The flux (generated by the field coils attached to the stator) doesn't
change direction. But as the rotor rotates, the flux direction w.r.t.
each rotor winding does change. Each rotor winding does in fact generate
an AC voltage. The commutator connects each rotor winding to the
generator's output only during that part of its rotation when it
produces the desired polarity (and magnitude).
Paul Hovnanian email@example.com
Yes, a commutator is a rectifier. Furthermore, the DC output has a
commutation ripple on it just as though it came from a poly phase AC source,
which, in fact it did.
If one were to connect multiple slip rings to the windings instead of the
slotted commutator, the output would be AC and the generator would be an
alternator. The main difference is the DC generator has many phases not just
one or three like a regular AC alternators. Depending on the windings a DC
armature may 20 or more internal phases.
A simple, split ring as you describe is apparently a single phase rectifier
with only one single phase armature winding. The ripple would be very high,
going to zero on each commutation. Actual DC generators are not made this
way but have multiple slots.
There are other mechanical rectifiers also. One type of vibrator power
supply used in old auto radios had one set of contacts to chop the DC into
the transformer and another set to rectify the AC out of the transformer.
There are also synchronous motor driven switches used to rectify very high
voltage AC. One of these I saw was to energize a electrostatic precipitator
at a power plant.
Some vibrators only had one set of contacts for chopping DC, the inverter
function you mentioned. But, many vibrators had dual contacts, the other
set for rectifying the transformed AC back to DC. These were common in the
days before silicon or germanium rectifiers especially in car radios of the
1930's and 40's. See fig 4 in your above URL.
I once saw a 1920's battery charger that had vibrator contacts for
I worked in a steelworks in the 1970's where we used a series of mercury arc
rectifiers to change 3 phase 440v to 440v dc for our overhead cranes. These
devices were spectacular and gave off a blue glow and emitted crackling and
Frankenstein would have been proud.
It's a series of "switches" which are operated as the rotor rotates.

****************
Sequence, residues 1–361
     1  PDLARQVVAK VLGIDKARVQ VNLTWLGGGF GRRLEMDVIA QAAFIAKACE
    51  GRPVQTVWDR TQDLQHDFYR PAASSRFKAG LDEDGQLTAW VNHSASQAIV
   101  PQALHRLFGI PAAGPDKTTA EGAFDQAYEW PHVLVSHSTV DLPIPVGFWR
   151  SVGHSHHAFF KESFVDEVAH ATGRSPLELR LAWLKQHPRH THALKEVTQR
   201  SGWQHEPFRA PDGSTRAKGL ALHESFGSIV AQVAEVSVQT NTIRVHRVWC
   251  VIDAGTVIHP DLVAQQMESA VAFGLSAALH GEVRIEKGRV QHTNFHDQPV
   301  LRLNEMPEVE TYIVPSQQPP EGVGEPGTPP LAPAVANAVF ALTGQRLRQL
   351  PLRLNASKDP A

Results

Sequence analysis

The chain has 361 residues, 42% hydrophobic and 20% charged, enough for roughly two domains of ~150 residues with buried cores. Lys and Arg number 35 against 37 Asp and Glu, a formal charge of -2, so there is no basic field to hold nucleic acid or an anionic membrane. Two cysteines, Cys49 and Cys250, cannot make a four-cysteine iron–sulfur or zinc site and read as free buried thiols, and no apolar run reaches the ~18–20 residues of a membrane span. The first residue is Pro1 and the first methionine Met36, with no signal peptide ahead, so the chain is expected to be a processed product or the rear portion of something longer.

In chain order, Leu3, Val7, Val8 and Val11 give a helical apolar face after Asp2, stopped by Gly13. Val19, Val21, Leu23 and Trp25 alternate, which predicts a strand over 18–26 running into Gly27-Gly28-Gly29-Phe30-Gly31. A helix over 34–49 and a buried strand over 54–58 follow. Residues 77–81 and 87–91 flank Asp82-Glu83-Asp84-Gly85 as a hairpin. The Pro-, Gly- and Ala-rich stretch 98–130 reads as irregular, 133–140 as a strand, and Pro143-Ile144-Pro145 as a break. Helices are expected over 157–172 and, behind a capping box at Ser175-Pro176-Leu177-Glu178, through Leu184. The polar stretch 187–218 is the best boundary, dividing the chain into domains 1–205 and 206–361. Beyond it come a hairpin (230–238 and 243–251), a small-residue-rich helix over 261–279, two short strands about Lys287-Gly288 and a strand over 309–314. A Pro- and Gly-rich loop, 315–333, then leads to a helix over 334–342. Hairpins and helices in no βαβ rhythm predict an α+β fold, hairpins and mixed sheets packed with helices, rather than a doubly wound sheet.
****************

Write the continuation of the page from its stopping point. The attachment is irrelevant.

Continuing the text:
That's why it as the name it does.
A rectifier conducts or not depending upon the voltage across it. The
commutation conducts only when the shaft has a particular orientation.
Were some outside agency to change the direction of the field winding
current, the comutator would still conduct or not regardless of the voltage.
It is not electronic- and predates any electronic rectifier but..
It is a rectifier in that it converts AC to DC. That is where the name
"rectifier" came from and the accepted definition of "rectifier".
It can also act as inverter in that it converts DC to AC in a motor.
Don Kelly firstname.lastname@example.org
remove the X to answer
Definition of "rectifier". Note the last three lines!
Columbia Encyclopedia: rectifier,
component of an electric circuit used to change alternating current to
direct current. Rectifiers are made in various forms, all operating on the
principle that current passes through them freely in one direction but only
slightly or not at all in the opposite direction. One early type of
rectifier was the diode electron tube. Semiconductor rectifiers are
essentially diodes made large enough to safely dissipate the heat caused by
current flow. For heavy currents, they are often equipped with cooling fins
or heat sinks. Rectifiers are commonly used in power supplies for
electronics. There are two kinds of mechanical rectifiers. One, for
polyphase alternating current, is a rotating switch that is synchronized
with the fluctuations of the alternating current. The other uses a
synchronized vibrating reed to change single-phase alternating current into
pulsating direct current. Both have been largely superseded by solid-state
Benjamin D Miller, PE
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